bbG Blog

What is good design, really?

To answer these questions, we must first find out what design really is. Most people – even some designers – perceive design as visual accessories that are added to the business or a product after it’s done. Sad reality is that many of my past freelance design gigs only requested my services at the end of the product development process. It was like putting decorations up on a Christmas tree, but that tree might as well be a birch.

Let me tell you why that’s bad. According to Brandon Hill, design as far as startups are concerned can be split into three categories, the first being user experience, the second marketing, and lastly, branding. For the purpose of this particular discourse I’d like to propose an even simpler categorisation, and that is:

  • How it looks
  • How it works

‘It’ referring to the startup or product in discussion.

So we’ve established that design is much more than just visual aesthetics, even though it is also a part of the definition. Or, as Steve Jobs once put it:

Design is not just what it looks like and feels like. Design is how it works.

What makes design “good”?

Okay, but what makes design good then? Well, we could certainly follow Dieter Ram’s principles as they did in the Startups, This is How Design Works, but I feel those are somewhat abstract for your everyday entrepreneur just trying to bootstrap her way up to the riches.

Inevitably, what’s good for business, must also be beneficial for the customer – or else, you’d be out of customers pretty soon. It follows that good design is tailored around customers, and also helps solve a need that they have.

Let’s take an example of Airbnb and their recent redesign. After the release, many people started complaining about how unoriginal the new logo is – but similarity between logos happen all the time. There is a limited number of options, anyway.

What makes the redesign good is not the somewhat generic-looking BÉLO, but the consistency that they’ve implemented into their branding. Their social profiles, website, apps, and ads all feature the same squiggly line, the same colors, and even the same custom font called ‘Air’. This helps customers recognise the extensiveness of this brand and makes them trust it more (Hey, if they’re everywhere, they must be pretty competent, right?).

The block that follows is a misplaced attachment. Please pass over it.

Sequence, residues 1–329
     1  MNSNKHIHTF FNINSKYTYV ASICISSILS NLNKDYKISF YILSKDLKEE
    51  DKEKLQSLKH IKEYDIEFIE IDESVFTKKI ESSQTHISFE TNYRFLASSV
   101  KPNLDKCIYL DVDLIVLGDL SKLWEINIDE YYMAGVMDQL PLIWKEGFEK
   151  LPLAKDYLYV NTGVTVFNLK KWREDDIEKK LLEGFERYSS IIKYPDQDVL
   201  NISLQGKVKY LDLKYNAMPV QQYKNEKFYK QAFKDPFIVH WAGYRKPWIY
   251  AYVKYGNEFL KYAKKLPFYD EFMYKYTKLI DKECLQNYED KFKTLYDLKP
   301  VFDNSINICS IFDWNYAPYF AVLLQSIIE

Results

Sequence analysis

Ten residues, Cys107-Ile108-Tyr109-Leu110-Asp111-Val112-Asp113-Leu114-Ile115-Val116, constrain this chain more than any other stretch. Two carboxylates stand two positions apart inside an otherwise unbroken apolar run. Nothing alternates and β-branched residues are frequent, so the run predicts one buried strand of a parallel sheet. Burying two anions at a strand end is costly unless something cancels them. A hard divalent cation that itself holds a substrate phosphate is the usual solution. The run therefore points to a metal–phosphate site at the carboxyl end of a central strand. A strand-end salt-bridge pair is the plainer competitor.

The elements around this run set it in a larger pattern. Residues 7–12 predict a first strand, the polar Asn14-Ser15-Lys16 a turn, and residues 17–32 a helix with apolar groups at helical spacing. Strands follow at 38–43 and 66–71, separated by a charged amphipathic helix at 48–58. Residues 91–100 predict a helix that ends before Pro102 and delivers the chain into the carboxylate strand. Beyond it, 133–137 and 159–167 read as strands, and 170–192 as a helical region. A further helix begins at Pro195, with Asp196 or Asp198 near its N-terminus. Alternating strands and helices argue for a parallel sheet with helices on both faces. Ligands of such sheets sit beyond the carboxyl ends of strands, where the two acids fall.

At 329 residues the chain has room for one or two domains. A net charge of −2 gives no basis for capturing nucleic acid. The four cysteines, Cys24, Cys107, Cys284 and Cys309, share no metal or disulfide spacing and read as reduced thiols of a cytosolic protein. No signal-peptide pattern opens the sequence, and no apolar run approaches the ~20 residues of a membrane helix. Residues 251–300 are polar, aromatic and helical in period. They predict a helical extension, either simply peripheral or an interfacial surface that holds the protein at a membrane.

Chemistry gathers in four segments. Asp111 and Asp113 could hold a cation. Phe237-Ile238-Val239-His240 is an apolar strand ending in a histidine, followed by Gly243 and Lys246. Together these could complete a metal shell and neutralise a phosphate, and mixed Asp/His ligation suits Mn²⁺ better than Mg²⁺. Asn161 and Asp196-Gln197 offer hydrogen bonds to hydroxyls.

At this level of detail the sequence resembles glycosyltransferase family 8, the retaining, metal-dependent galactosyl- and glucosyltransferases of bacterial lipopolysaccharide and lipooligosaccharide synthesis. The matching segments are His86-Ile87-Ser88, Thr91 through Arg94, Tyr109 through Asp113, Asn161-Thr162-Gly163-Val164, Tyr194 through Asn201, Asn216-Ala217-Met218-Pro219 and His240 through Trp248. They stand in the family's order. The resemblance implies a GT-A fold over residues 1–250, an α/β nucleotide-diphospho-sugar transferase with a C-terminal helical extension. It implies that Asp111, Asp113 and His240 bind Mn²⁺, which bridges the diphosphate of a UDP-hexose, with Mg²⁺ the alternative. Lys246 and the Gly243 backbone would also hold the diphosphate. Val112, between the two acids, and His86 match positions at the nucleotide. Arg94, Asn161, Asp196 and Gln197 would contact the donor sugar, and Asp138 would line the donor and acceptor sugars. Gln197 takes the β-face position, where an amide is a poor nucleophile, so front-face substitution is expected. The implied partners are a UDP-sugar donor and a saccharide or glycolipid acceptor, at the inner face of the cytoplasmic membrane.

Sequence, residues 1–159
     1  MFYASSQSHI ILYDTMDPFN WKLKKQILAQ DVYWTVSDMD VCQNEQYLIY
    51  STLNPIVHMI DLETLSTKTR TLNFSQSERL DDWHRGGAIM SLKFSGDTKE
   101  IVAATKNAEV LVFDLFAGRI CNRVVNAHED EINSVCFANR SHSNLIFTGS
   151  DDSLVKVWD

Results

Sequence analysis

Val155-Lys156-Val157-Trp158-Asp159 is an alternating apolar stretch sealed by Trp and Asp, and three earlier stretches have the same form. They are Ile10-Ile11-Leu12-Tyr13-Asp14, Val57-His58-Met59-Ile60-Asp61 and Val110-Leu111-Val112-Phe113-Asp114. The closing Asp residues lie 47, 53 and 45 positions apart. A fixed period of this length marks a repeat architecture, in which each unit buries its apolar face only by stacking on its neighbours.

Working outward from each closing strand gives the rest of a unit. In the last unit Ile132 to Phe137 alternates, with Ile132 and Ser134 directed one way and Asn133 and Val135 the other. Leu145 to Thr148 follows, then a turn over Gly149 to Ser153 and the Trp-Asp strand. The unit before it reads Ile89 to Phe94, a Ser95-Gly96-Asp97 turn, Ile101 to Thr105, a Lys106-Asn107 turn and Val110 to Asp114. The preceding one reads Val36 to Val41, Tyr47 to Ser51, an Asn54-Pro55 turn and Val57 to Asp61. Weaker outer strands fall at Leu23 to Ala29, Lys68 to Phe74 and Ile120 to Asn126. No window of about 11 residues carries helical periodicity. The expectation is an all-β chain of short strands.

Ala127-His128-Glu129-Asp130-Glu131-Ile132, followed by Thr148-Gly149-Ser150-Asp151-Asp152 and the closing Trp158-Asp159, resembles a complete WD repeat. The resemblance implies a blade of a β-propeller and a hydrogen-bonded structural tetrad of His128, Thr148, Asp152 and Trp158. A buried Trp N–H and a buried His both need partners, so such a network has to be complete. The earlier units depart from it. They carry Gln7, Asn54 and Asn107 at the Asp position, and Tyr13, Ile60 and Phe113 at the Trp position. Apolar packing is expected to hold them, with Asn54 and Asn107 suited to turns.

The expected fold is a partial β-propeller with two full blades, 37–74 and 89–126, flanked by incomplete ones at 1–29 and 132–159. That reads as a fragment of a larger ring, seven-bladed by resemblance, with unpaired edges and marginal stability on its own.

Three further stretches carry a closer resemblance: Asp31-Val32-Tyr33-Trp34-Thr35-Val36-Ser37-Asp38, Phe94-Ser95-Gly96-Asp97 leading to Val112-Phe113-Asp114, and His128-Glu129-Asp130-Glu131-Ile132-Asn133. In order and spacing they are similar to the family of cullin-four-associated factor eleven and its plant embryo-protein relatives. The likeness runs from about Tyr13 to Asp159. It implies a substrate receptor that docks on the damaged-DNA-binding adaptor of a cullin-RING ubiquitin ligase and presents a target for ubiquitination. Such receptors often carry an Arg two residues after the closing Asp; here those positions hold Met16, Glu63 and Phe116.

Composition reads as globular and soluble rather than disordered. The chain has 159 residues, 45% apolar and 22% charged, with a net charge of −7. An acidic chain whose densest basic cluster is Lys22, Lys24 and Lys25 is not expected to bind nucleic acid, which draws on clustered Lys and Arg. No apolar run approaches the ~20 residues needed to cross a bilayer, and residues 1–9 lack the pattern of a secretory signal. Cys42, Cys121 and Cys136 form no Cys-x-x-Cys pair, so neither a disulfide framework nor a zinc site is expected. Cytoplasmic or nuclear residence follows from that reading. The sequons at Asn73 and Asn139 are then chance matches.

Of course product design is another very important aspect – their website’s and apps’ design are always tailored to offer the best user experience possible for users looking for and renting out real estate.

It’s the same thing with Apple – their products are extremely well designed, but if they were launched outside their big Apple brand, wouldn’t be nearly as successful.

So there it is. Good design is building a product around users and keeping its branding consistent.

So Aesthetics Don’t Really Matter?

After reading the last couple of paragraphs you might think “Ok, but then I needn’t hire a Dribbble celebrity. I’ll just get someone to create something consistently ugly and we’re set”.

And you wouldn’t be so wrong.

Let’s take a look at an example. There is this company called Ling’s Cars. Their website is horrendous, but it’s definitely consistent with the rest of their straight up crazy marketing efforts. And judging by the numbers in the following video of Dragons’ Den, this ‘ugly branding’ is doing them just fine.

But of course you’re probably not a startup that advertises with tanks and missiles, so a nice-looking website will definitely make you more money. And that’s why you need to hire design talent. People don’t know exactly what makes one site better-designed than another, but they still trust attractive websites more. If you’re DIY-ing, here’s how you can improve your design.

You need the whole package. Polished landing pages, an intuitive product, and consistent branding. And that’s why good designers are expensive.

Befit

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